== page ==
How to create a custom refresh image in Windows 8

Using a custom refresh image in Windows 8 allows you to recover your PC back with your preferred programs and apps.

Windows 8

Updated, October 22, 2012: Replaced Windows 8 Consumer Preview screenshots with those from the final version of Windows 8.

We recently showed you how to use the new Windows 8 refresh feature to reinstall Windows, while keeping your settings and data files intact. One drawback to refreshing your system is that you have to reinstall any programs you installed on your own (non-Microsoft Store apps).

Using a custom refresh image will allow you recover Windows 8 with the programs you want, so you won't have to reinstall them after a refresh. You can create as many custom images as you want, but they'll need to be stored in separate folders because custom images are always named install.wim. When you have your PC set up just the way you like it, here's how to create your custom refresh image:

Step 1: From the Windows 8 desktop, hit Win+X to open the system utility settings menu and select Command Prompt (Admin). When the UAC warning appears, click the Yes button.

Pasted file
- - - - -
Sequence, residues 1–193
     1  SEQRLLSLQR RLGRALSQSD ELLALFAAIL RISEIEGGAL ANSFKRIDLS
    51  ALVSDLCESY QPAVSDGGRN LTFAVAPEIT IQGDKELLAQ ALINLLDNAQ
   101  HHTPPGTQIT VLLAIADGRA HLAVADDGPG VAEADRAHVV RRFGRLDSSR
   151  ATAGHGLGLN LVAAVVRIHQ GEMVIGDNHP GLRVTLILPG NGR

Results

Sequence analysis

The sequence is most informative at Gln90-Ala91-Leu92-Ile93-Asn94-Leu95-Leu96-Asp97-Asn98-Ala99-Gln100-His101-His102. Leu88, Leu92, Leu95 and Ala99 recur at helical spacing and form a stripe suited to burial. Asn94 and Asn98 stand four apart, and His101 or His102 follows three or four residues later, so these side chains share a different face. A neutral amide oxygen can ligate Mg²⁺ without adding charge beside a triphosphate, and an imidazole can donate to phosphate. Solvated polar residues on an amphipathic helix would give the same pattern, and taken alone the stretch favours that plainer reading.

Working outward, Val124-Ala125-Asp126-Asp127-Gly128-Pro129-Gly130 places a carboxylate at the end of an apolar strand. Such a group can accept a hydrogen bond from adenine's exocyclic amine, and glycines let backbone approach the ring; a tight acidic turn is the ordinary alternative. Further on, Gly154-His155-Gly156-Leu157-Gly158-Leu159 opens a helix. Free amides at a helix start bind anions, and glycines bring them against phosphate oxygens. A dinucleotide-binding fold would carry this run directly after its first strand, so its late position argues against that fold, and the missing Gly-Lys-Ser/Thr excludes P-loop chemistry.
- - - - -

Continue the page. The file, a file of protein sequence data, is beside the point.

Elevated command prompt
Screenshot by Ed Rhee/CNET

Step 2: From the command prompt, create a new directory to store the custom refresh image file. In our example, we'll create a folder called CustomRefresh in the C: drive. Type:
mkdir c:\CustomRefresh.

Make custom refresh image directory
Screenshot by Ed Rhee/CNET

Step 3: From the command prompt, run the recimg tool to create a custom image file (install.wim) in the folder we just created. Type:
recimg /createimage c:\CustomRefresh

Create custom refresh image
Screenshot by Ed Rhee/CNET

That's it. Creating the image automatically registers the image, so that Windows knows to use it for a refresh. If you create multiple images and want to change to a different one, you can deregister the current image by using the /deregister option. You can then register the new image by using /setcurrent <directory>.

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Tech Culture
About the author

Ed Rhee, a freelance writer based in the San Francisco Bay Area, is an IT veteran turned stay-at-home-dad of two girls. He focuses on Android devices and applications while maintaining a review blog at techdadreview.com.

 

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